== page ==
Dengue has four virus types (serotypes) that show distinct variation within themselves. While infection by one serotype results in a lifelong immunity against it, infection by a different one results in an increased infectivity and more severe clinical manifestations. This kind of aggravation is called antibody-dependent enhancement (ADE).
However, in the case of the Zika virus , people infected with any of the four dengue serotypes are said to be at an increased risk of infectivity and clinical manifestations due to ADE.
Two studies published recently have shown that this is not true. The first one, published in Nature Communications , found an enhancement of Zika when tests were carried out on cells taken from four rhesus macaques with dengue immunity. However, when the tests were carried out directly on the macaques, they produced completely different results.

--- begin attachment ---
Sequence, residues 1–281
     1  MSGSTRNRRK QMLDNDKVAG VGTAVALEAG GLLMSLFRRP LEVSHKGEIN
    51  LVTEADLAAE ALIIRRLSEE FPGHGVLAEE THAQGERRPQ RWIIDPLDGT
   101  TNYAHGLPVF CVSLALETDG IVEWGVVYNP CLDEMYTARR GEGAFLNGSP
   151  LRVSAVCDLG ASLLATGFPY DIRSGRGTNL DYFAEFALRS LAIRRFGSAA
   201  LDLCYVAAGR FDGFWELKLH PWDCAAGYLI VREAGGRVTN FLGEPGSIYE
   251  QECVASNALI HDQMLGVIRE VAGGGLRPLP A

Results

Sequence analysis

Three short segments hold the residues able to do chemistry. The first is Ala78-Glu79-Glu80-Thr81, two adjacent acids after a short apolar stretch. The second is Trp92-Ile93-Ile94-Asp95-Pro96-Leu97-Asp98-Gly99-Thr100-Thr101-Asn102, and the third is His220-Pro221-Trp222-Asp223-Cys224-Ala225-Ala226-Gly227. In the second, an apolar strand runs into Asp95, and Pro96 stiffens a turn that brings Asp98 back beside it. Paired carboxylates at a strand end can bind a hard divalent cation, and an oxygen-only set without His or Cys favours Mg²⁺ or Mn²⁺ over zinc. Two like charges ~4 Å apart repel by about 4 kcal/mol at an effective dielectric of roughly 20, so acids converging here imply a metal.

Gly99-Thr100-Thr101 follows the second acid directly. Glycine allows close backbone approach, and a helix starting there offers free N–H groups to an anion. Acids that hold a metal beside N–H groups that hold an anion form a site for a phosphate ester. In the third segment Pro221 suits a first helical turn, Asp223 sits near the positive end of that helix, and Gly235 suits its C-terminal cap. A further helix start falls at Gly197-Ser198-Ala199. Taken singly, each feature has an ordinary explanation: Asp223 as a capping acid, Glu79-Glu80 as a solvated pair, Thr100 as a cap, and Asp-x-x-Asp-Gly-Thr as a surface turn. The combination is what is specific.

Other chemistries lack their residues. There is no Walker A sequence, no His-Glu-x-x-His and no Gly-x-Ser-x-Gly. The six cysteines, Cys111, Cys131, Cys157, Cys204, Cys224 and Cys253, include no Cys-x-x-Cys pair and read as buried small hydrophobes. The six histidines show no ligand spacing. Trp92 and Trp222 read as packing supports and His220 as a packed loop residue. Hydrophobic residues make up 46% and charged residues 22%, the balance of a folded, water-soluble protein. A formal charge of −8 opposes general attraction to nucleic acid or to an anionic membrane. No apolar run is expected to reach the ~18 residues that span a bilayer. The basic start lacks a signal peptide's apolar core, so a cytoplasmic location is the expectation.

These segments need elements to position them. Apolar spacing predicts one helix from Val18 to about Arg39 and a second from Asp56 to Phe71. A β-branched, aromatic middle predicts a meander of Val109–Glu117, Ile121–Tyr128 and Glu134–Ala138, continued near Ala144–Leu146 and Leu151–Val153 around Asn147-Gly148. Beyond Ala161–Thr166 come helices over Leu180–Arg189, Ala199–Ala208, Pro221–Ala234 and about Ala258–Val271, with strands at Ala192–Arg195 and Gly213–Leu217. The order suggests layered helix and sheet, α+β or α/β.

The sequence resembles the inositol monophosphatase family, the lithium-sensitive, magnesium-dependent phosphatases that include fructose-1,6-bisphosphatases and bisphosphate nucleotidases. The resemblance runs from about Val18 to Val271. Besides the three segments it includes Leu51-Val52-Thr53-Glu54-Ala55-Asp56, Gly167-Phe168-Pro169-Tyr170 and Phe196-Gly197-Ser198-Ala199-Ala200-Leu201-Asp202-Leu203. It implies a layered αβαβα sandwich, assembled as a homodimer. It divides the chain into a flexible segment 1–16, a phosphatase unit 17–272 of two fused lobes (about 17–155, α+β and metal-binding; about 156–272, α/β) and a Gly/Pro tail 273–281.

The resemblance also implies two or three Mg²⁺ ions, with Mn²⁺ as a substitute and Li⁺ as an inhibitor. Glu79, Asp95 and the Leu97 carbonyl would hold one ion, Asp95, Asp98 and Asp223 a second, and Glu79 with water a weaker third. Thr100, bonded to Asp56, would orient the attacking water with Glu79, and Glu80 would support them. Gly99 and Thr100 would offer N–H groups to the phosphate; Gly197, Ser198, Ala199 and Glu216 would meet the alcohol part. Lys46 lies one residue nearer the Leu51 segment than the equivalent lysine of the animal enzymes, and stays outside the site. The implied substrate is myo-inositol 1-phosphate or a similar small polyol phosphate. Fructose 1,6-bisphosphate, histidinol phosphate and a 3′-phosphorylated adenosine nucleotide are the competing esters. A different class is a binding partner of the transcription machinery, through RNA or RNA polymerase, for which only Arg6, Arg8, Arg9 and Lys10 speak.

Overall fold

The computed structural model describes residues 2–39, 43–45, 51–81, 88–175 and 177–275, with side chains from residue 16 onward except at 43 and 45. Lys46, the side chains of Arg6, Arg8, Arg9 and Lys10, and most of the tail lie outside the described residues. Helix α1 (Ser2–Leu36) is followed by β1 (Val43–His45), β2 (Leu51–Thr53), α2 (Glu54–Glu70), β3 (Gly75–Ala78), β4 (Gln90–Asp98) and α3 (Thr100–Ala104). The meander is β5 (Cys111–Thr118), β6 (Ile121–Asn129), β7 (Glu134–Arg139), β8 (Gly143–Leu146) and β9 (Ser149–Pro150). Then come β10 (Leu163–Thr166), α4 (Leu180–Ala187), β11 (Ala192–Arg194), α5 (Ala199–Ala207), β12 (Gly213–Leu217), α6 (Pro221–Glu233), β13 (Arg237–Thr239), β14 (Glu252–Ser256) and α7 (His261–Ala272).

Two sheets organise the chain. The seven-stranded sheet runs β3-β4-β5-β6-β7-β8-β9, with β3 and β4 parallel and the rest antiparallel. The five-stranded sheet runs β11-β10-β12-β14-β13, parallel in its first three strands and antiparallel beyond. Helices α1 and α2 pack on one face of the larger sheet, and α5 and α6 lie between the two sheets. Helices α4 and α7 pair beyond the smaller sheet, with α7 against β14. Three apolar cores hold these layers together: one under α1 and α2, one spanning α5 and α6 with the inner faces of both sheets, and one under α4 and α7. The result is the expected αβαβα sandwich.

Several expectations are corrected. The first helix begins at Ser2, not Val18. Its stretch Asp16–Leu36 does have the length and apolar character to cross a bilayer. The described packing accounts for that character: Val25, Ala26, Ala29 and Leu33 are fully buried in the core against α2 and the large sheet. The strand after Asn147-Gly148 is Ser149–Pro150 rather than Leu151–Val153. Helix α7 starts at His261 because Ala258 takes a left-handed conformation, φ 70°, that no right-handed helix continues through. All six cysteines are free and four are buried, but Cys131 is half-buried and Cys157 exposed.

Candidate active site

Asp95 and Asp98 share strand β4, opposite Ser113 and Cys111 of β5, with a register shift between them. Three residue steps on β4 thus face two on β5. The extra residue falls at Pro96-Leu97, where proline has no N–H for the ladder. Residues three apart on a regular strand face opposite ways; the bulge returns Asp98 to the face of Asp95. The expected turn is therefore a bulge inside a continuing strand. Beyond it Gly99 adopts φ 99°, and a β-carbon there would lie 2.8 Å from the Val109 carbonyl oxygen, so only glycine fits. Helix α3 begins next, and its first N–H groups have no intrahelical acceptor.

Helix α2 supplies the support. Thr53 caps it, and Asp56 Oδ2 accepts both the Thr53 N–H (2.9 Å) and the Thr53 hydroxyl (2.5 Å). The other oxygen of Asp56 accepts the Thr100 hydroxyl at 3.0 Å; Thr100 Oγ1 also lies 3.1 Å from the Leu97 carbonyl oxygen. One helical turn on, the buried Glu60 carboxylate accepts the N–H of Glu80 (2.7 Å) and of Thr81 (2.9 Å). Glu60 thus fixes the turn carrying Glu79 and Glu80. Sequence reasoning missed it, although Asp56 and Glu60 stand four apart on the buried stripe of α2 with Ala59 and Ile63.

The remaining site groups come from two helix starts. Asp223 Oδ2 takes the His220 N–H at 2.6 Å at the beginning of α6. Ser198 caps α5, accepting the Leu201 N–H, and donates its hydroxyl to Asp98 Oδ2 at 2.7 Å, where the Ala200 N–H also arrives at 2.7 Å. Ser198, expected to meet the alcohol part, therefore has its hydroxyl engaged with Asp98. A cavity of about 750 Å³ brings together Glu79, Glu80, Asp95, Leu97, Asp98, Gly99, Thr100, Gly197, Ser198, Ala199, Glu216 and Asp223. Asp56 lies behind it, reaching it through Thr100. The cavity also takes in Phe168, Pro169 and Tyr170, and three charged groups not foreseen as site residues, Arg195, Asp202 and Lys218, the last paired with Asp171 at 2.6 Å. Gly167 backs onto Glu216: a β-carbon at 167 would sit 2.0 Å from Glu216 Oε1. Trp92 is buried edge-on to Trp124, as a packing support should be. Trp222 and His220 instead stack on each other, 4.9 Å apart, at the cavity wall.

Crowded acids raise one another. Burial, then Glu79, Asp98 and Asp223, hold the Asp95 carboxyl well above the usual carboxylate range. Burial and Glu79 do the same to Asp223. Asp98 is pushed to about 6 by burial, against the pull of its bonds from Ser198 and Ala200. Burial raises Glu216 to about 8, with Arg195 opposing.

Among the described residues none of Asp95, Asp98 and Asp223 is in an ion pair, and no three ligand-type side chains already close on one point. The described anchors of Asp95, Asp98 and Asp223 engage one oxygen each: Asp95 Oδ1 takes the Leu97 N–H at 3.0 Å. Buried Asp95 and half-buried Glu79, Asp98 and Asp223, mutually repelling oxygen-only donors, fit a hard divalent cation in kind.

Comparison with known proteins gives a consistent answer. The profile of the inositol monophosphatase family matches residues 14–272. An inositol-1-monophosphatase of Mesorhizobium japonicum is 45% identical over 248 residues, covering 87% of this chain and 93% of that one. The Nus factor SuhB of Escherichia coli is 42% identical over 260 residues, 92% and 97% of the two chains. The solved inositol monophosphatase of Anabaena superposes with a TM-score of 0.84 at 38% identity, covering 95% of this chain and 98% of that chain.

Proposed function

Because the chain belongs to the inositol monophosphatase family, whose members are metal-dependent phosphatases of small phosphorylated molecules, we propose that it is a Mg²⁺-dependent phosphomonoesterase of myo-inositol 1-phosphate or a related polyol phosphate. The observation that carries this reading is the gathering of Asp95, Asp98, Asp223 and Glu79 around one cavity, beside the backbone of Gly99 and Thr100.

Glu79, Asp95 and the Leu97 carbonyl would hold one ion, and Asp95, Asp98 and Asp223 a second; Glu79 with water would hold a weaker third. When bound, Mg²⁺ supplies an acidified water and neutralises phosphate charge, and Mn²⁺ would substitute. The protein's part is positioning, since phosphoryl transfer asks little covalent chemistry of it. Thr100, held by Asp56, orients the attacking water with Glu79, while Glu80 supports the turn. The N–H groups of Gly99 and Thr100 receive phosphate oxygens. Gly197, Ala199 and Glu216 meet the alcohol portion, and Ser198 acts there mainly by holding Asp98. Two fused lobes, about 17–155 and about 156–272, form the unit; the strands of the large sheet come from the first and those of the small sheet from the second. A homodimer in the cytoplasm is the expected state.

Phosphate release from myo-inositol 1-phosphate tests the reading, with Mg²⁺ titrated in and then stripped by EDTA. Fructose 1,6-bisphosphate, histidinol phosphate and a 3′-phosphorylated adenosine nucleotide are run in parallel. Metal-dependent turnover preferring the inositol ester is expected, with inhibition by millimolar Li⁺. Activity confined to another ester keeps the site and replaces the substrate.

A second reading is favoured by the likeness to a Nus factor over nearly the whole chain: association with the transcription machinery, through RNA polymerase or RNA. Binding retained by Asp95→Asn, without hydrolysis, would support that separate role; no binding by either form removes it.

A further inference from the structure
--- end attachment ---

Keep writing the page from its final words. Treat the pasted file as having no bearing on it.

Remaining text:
Compared with macaques that were not already infected with dengue, the four did not either show any increase in the amount of Zika virus. Neither did the disease worsen in them.
On the contrary, their previous exposure to dengue led to a reduction in the amount of Zika virus and a faster clearance. There were changes in the immune system’s response but that did not lead to an increased infectivity.
“Results from our work may suggest that pregnant women with previous exposure to dengue virus may have limited Zika viremia [amount of virus] and less tendency to have invasion of the central nervous system,” the authors conclude.
Results of another study carried out among Zika-infected patients with pre-existing dengue infection also did not show an increased infectivity or an enhanced severity of Zika. The results, published in the journal Clinical Infectious Diseases, were based on 65 patients with acute febrile illness (45 patients positive for Zika and 20 patients positive for dengue type-2) between January and June 2016.
The researchers found no difference in Zika viral load between those with previous dengue infection and those without it. All Zika-infected patients recovered after receiving recommended supportive therapy.